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Found 8 results

  1. The publisher behind the 2014 indie darling Never Alone, E-Line Media, announced its next project today. The Endless Mission presents players with a set of tools to create games in Unity alongside a journey through a sandbox world with its own storyline. As players progress through the story, they'll learn more about making games and how to use those tools. The Endless Mission's goal is to have everyone making games by the time the credits roll. The Endless Mission is being developed as a collaborative effort between E-Line Media and Endless Interactive alongside the writing team at Sleep Deprivation Lab, an outfit that has worked on titles like Middle Earth: Shadow of Mordor, Rise of the Tomb Raider, and The Crew. The narrative will have parallels with the game's structure, exploring how we are all shaped by technology and in turn shape that technology. Players who run through The Endless Mission will be able to mix and mash a wide variety of genres using the tool set built into the game. The basic examples show off racing titles, survival games, real-time strategy, and platformers, though all indications are that players will have an unprecedented amount of control over what kinds of games they could make. The announcement promises that players will be able to manipulate "the essence of the game down to the very code itself." The Endless Mission will launch this summer in Early Access on Steam and the first playable demo of the game will be at PAX East. As game creation becomes more complex and more tools release to the public, a game that teaches people how to make games might make for the most intuitive way to teach people how to make games. Does this kind of thing seem interesting or is it a very niche project? Let us know in the comments! View full article
  2. The publisher behind the 2014 indie darling Never Alone, E-Line Media, announced its next project today. The Endless Mission presents players with a set of tools to create games in Unity alongside a journey through a sandbox world with its own storyline. As players progress through the story, they'll learn more about making games and how to use those tools. The Endless Mission's goal is to have everyone making games by the time the credits roll. The Endless Mission is being developed as a collaborative effort between E-Line Media and Endless Interactive alongside the writing team at Sleep Deprivation Lab, an outfit that has worked on titles like Middle Earth: Shadow of Mordor, Rise of the Tomb Raider, and The Crew. The narrative will have parallels with the game's structure, exploring how we are all shaped by technology and in turn shape that technology. Players who run through The Endless Mission will be able to mix and mash a wide variety of genres using the tool set built into the game. The basic examples show off racing titles, survival games, real-time strategy, and platformers, though all indications are that players will have an unprecedented amount of control over what kinds of games they could make. The announcement promises that players will be able to manipulate "the essence of the game down to the very code itself." The Endless Mission will launch this summer in Early Access on Steam and the first playable demo of the game will be at PAX East. As game creation becomes more complex and more tools release to the public, a game that teaches people how to make games might make for the most intuitive way to teach people how to make games. Does this kind of thing seem interesting or is it a very niche project? Let us know in the comments!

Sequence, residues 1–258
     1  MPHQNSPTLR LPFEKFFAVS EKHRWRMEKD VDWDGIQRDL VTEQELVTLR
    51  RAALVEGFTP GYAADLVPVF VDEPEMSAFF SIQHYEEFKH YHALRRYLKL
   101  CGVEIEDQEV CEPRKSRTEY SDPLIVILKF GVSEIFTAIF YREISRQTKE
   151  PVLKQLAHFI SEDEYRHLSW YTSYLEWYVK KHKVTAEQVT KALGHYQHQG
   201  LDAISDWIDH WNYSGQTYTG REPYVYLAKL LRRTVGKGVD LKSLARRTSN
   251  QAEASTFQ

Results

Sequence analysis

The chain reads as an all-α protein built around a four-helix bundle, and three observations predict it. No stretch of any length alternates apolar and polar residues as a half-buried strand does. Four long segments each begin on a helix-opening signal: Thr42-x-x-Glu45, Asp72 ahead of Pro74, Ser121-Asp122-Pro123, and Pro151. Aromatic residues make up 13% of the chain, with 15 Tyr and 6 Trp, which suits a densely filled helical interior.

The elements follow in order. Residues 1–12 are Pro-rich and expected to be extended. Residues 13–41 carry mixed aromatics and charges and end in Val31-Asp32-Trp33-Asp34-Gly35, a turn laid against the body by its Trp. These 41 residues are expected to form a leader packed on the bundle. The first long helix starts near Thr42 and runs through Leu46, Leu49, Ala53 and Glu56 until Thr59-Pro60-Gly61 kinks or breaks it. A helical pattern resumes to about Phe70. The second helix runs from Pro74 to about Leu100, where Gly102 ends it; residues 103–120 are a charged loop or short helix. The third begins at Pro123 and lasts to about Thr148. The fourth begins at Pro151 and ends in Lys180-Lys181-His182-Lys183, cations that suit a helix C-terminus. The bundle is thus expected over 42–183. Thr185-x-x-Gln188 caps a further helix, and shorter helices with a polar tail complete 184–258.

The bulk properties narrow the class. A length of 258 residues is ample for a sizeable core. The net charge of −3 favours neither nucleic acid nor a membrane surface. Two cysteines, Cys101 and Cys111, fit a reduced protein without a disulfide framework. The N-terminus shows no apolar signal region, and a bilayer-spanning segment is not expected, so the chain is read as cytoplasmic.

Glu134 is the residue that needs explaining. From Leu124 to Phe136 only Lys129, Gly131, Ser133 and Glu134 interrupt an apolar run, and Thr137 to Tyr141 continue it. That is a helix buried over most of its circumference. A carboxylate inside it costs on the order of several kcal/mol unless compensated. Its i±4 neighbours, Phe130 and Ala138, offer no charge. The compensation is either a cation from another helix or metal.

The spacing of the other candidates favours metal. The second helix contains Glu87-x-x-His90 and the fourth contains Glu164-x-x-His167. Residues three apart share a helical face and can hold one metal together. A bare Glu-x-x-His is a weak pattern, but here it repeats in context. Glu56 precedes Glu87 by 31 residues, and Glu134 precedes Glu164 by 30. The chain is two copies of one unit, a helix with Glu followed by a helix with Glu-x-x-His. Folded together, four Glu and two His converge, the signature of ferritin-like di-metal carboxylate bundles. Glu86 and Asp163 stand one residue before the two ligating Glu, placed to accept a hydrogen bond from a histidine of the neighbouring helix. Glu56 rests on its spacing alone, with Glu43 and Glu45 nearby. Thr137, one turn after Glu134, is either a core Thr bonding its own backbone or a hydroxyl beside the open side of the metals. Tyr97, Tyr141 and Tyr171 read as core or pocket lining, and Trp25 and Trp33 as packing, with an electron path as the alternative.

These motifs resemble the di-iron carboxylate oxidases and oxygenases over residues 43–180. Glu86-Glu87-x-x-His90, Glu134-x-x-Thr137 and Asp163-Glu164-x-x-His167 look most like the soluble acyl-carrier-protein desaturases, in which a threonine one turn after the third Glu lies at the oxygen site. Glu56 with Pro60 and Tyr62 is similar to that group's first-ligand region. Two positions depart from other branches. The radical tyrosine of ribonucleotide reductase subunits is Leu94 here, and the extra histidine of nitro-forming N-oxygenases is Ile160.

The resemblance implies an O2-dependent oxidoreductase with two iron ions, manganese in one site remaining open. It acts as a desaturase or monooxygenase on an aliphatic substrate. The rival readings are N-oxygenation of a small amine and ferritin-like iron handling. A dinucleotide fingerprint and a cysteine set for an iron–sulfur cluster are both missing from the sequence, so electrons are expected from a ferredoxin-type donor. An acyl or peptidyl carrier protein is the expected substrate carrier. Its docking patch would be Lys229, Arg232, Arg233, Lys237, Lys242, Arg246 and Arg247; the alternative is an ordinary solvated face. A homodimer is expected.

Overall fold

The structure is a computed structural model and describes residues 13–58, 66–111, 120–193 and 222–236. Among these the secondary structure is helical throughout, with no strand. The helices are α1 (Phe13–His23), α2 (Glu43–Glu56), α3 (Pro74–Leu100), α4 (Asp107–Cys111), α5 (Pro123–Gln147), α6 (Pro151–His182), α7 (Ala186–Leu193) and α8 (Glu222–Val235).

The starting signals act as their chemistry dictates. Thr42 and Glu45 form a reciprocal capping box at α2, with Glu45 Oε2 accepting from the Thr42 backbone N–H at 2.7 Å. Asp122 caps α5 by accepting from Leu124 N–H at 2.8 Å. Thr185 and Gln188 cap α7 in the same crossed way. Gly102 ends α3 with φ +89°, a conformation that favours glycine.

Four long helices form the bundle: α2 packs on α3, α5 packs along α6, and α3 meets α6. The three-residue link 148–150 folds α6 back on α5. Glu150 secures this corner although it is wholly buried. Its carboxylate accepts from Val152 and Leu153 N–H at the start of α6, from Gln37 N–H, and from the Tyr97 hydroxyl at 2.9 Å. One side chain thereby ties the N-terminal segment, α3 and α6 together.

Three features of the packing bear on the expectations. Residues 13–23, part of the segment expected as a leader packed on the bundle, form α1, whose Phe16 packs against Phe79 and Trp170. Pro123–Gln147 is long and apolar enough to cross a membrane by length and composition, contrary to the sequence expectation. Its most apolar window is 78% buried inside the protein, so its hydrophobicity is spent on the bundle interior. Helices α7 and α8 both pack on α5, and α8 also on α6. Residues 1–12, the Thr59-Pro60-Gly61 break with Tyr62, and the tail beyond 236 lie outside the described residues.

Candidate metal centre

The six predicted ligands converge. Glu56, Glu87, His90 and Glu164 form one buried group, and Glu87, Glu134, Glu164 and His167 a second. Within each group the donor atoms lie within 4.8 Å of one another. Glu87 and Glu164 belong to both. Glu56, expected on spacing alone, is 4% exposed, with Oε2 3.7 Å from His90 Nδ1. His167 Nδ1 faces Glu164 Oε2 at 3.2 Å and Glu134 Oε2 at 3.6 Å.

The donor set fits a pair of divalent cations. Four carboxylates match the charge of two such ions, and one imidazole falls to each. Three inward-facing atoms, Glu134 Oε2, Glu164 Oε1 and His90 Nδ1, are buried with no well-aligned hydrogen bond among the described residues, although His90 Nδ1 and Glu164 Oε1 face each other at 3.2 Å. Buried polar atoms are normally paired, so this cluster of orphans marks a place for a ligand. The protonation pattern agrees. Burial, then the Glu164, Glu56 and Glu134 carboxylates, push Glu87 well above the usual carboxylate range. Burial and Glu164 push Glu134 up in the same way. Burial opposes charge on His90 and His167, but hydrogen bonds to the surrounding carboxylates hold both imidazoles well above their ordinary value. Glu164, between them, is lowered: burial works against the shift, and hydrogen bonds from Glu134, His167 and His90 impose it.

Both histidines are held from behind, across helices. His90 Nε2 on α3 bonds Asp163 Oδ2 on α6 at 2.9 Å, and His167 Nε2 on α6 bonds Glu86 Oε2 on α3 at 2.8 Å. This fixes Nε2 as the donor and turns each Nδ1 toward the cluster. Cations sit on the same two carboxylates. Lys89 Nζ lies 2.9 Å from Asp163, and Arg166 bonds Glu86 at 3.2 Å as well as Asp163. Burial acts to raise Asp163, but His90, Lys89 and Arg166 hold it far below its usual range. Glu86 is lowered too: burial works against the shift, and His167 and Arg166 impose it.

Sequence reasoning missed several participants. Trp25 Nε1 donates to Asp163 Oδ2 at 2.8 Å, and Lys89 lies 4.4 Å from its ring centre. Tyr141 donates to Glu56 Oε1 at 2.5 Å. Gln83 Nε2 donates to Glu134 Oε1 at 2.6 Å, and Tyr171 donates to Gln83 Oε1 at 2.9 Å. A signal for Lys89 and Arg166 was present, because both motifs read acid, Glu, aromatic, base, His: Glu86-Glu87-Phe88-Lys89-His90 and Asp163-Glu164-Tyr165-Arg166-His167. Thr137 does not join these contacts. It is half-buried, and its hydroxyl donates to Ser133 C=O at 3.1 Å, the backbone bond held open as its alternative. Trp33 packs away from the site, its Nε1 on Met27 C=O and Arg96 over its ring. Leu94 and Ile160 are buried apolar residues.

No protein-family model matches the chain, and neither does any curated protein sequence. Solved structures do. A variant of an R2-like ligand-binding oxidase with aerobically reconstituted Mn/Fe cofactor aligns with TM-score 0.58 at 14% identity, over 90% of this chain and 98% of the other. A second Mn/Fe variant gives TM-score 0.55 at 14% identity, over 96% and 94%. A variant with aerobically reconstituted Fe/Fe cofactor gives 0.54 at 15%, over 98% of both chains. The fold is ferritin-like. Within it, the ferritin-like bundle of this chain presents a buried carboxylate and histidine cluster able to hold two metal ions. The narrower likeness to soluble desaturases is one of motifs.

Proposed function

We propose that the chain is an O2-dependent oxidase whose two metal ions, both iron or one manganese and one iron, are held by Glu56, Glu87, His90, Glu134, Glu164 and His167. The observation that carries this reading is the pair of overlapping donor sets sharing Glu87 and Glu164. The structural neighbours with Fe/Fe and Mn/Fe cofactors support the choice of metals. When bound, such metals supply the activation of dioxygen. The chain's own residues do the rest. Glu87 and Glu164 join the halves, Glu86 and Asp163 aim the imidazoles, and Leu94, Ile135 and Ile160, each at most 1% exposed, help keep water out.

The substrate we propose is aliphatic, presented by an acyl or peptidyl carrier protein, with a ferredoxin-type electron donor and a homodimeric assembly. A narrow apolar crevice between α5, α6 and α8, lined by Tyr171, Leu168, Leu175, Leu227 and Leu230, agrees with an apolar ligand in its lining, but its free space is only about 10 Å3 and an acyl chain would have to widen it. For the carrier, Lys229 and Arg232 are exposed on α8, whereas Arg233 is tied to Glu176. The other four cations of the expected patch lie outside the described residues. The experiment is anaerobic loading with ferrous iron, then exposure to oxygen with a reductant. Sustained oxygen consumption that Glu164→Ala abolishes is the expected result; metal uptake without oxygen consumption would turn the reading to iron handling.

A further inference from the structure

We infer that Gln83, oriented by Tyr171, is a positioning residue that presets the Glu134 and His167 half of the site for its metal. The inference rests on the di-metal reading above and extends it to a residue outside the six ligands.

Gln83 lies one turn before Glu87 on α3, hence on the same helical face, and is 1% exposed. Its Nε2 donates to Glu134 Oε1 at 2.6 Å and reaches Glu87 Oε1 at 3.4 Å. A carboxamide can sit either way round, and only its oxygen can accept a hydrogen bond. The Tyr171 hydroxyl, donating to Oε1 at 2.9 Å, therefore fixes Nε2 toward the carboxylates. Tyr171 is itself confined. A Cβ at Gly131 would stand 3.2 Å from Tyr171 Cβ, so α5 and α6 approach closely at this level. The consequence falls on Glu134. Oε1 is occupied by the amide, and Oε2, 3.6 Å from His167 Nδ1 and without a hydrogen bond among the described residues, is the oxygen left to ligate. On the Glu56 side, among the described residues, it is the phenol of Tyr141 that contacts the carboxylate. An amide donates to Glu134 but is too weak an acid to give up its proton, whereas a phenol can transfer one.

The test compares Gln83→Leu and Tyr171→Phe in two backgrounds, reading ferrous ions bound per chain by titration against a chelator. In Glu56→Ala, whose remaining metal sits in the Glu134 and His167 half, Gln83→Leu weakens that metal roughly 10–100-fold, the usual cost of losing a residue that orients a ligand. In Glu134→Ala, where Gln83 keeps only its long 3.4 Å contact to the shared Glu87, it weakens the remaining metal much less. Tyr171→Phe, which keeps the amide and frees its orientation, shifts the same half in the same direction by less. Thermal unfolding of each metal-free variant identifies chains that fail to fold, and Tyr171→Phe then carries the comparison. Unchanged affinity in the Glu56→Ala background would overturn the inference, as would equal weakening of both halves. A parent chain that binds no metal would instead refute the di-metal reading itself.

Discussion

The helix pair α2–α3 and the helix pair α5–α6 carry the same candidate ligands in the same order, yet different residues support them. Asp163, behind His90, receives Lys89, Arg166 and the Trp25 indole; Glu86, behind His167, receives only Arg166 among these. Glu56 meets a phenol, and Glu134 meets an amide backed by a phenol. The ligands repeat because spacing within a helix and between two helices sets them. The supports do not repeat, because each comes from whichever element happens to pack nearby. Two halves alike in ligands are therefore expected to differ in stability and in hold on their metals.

3. Jack Gardner

    Minecraft Teaches Kids to Code

    Minecraft: Education Edition has been available to teachers for almost a year now, but Mojang continues to add new features and patches to expand its use as an educational tool. The latest addition to the game allows teachers to use Minecraft to teach their kids to code in a unique way. This update, titled Code Builder, allows teachers to make interacting with the Minecraft world possible only through coding a robot to do it for you. Students make use of coding platforms like MakeCode, Scratch, and Tynker to tell the robot what structures it should make and with what materials. It's an easy way to teach coding to kids as they are essentially using their newly learned skills to write code for the robot while in-game. This method of learning, using games as a way to stimulate or facilitate interest in a topic, seems to be one of the best ways to help kids (and, let's be real, people in general) learn about new and sometimes difficult topics. Hadi Partovi, the CEO of Code.org, explains that, "learning can be done best when you don't think that you're learning, you just think that you're enjoying yourself." Code Builder isn't a fully completed addition to Minecraft: Education Edition just yet. It's available today, but still in beta, so Mojang has a number of bugs and kinks to squash out of their system. that being said, this is a fantastic idea that harnesses the creativity kids have while in Minecraft and helps them learn a skill that will only become more valuable in the future. The development team even says that the game goes farther than the in-game tools. If players want to use different languages to program, like JavaScript, Code Builder allows them to do that without any hassle at all. That leaves the option open even for more advanced lessons in programming. Teachers or institutions interested in obtaining Minecraft: Education Edition can find out if their organization is eligible for the expanding teaching tool on the Minecraft website.